Gordon M. Bethune, Chairman of the Board and Chief Executive Officer of Continental Airlines, the nation’s fifth largest air carrier, is the longest serving CEO of a major U.S. airline. In the ‘90s, he was widely credited with turning around the once-faltering airline. And as the travel industry itself turns around after the downturn following 9/11, Bethune is once again leading his airline to a profitable recovery.
Under his leadership, Continental has undergone one of the most dramatic business turnarounds of the ‘90s and is poised for a solid future: Mr. Bethune was ranked sixth among the 50 best CEOs in America by "Worth" magazine in 1999. And for the sixth straight year, Continental is ranked by "Fortune" magazine as one of the 100 Best Companies to Work for in America.
After dropping out of high school at age seventeen, he joined the Navy, serving for twenty years. In 1979, a year after returning to civilian life, he was hired by Braniff Airlines. Over the next nine years, he held senior management positions at Braniff, Western Airlines and Piedmont Airlines and earned a bachelors’ degree in general studies from Abilene Christian University, in Dallas. In 1988 he joined Boeing where he rose to become Vice President and general manager of its Renton Division. In February 1994, he was hired away by Continental and became CEO nine months later.
In a July 2000 article in Texas Monthly, Mr. Bethune recounts the value of his Naval experience:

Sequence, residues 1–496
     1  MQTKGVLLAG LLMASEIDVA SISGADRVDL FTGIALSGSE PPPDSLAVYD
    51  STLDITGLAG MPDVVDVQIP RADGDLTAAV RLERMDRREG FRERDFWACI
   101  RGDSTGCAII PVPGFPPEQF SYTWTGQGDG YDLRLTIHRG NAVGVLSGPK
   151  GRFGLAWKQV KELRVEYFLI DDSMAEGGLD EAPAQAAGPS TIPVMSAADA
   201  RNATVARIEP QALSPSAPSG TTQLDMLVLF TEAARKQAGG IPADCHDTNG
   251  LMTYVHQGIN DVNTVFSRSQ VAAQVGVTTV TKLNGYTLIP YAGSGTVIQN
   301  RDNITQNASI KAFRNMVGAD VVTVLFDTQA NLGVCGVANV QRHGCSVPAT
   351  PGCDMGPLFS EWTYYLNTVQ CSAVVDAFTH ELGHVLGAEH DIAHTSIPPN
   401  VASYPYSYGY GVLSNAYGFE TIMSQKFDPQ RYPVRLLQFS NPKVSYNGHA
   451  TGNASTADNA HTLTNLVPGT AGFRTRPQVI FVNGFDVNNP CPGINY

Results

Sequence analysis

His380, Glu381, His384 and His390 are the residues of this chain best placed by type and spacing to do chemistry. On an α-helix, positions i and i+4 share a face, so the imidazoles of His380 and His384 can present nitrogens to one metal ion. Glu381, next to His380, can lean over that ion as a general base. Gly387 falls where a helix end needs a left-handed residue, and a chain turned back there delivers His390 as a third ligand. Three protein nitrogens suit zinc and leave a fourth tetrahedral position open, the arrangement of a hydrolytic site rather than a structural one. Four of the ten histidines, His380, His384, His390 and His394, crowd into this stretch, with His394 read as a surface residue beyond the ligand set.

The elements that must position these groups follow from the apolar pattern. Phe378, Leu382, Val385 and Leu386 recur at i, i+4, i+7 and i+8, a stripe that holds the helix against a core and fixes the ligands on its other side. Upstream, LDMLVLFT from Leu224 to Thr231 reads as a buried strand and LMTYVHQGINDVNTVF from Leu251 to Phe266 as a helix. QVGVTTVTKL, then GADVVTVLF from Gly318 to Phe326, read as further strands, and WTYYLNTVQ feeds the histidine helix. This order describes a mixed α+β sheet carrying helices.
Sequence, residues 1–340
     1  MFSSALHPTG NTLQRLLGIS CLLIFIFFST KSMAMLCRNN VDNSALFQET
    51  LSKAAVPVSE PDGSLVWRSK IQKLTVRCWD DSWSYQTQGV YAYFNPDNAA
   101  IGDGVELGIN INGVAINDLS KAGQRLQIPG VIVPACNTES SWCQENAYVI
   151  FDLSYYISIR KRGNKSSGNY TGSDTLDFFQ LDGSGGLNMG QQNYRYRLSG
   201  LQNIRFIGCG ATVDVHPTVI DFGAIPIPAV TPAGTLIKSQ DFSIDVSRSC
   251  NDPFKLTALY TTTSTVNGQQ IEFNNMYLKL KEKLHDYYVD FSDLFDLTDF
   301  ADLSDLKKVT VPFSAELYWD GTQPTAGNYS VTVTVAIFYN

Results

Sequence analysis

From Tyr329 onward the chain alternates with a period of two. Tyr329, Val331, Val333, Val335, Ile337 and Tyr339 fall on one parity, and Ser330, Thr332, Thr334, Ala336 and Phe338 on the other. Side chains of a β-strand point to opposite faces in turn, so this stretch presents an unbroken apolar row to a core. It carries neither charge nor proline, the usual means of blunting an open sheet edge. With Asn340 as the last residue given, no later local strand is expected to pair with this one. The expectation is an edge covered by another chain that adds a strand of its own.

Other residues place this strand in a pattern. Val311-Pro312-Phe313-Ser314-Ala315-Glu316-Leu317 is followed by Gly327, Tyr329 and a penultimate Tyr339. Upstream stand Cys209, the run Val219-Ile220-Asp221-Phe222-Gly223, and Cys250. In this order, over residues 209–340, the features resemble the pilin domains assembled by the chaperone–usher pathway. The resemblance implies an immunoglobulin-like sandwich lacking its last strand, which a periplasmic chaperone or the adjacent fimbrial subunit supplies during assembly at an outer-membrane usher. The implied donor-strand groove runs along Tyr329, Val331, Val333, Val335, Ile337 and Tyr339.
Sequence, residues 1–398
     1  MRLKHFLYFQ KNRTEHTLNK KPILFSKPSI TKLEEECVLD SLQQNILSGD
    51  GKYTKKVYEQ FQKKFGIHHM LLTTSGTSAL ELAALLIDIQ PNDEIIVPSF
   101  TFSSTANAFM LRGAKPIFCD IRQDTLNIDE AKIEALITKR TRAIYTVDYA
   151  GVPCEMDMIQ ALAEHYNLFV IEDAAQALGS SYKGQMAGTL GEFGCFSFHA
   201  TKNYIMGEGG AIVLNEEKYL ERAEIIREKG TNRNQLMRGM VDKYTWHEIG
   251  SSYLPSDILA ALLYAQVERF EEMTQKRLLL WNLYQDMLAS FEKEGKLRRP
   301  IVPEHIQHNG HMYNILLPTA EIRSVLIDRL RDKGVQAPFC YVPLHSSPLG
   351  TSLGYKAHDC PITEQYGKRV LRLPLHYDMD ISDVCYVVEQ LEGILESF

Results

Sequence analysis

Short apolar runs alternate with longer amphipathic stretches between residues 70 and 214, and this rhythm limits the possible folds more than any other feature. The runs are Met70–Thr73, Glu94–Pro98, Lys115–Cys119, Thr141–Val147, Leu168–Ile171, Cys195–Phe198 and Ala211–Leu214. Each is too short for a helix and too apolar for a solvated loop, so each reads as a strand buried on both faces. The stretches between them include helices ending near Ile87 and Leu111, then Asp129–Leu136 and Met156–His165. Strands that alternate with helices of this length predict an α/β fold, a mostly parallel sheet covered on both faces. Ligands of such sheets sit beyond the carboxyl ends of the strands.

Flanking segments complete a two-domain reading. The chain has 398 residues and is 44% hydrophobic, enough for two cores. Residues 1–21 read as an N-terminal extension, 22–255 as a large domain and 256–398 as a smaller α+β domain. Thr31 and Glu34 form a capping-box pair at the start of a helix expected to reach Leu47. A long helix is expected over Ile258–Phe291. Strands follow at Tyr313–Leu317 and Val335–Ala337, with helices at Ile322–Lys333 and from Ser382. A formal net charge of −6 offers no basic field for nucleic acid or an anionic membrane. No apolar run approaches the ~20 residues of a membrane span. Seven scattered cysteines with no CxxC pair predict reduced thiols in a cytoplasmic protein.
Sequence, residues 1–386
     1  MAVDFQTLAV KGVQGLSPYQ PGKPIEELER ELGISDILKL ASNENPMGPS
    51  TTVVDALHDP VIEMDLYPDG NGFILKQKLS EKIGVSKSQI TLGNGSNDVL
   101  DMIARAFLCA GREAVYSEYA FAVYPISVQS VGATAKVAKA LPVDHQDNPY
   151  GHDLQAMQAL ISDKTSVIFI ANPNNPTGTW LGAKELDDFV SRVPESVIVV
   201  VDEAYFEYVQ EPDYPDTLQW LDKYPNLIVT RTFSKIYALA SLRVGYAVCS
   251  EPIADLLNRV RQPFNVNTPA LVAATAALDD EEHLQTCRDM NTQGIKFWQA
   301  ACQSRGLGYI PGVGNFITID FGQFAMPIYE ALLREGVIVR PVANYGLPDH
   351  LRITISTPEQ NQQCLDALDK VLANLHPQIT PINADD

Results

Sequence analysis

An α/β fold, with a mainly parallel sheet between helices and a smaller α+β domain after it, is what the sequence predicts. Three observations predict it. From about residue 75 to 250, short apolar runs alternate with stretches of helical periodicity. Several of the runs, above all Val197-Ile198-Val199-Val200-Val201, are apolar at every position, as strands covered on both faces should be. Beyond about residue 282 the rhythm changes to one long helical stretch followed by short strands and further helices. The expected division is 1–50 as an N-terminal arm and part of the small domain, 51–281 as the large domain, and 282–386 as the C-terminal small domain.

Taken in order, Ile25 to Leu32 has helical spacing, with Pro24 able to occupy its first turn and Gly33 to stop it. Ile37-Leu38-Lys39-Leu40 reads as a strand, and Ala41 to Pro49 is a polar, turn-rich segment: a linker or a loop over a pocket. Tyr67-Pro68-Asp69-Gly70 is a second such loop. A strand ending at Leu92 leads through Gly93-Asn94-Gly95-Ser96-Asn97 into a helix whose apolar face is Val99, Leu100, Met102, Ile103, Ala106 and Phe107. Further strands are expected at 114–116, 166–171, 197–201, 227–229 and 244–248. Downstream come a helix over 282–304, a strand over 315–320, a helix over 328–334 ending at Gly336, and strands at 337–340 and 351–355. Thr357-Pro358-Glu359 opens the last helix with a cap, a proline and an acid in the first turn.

"I was in the Navy, and by default, I got promoted to petty officer second class. I supervised the second shift, which worked from seven at night to seven in the morning. We were airplane mechanics, but I was in charge. I had to get these other eight guys to help me fix all these airplanes; I couldn’t do it by myself. I was very good at it because I treated them the way I wanted to be treated.
I learned that you can be successful if you get people to help you become successful. You’re going to be in charge of an organization or a shift of workers or something that’s going to require cooperation to run it well. And the only way you’re going to get that is to openly acknowledge and appreciate the contribution of others to the success of whatever it is you’re doing. So every time somebody gives you an award, you have to let it be known that it wasn’t you, it was all these other people who’ve done this wonderful job. And they sit up straight and feel real good, and the next day they work harder to help you be successful."
Mr. Bethune is a licensed commercial pilot, type-rated on Boeing 757 and 767 aircraft as well as the DC-3. He is also licensed as an airframe and power plant mechanic. In addition to his Bachelor of Science degree from Abilene Christian University at Dallas, Mr. Bethune is a graduate of Harvard Business School’s Advanced Management Program.
Today, more than two years after the Sept. 11 attacks, U.S. airlines are showing signs of strength after persistently low demand and cheap airfares. And just last quarter, Continental was one of the first to report a profit since 9/11. Mr. Bethune is once again meeting the challenge against tremendous odds as Continental’s savior.
Along with the $133 million net profit, Continental saw third quarter revenue rise 8.6 percent to $2.4 billion, as the miles flown by paying passengers rose 3.2 percent. And with fourth quarter results due out within days, analysts expect the mending trend to continue.
Mr. Bethune tells the story of the turnaround in his book, From Worst to First: Behind the Scenes of Continental’s Remarkable Comeback - A Flight Plan for Success , written with Scott Huler and published in 1998 by John Wiley & Sons.
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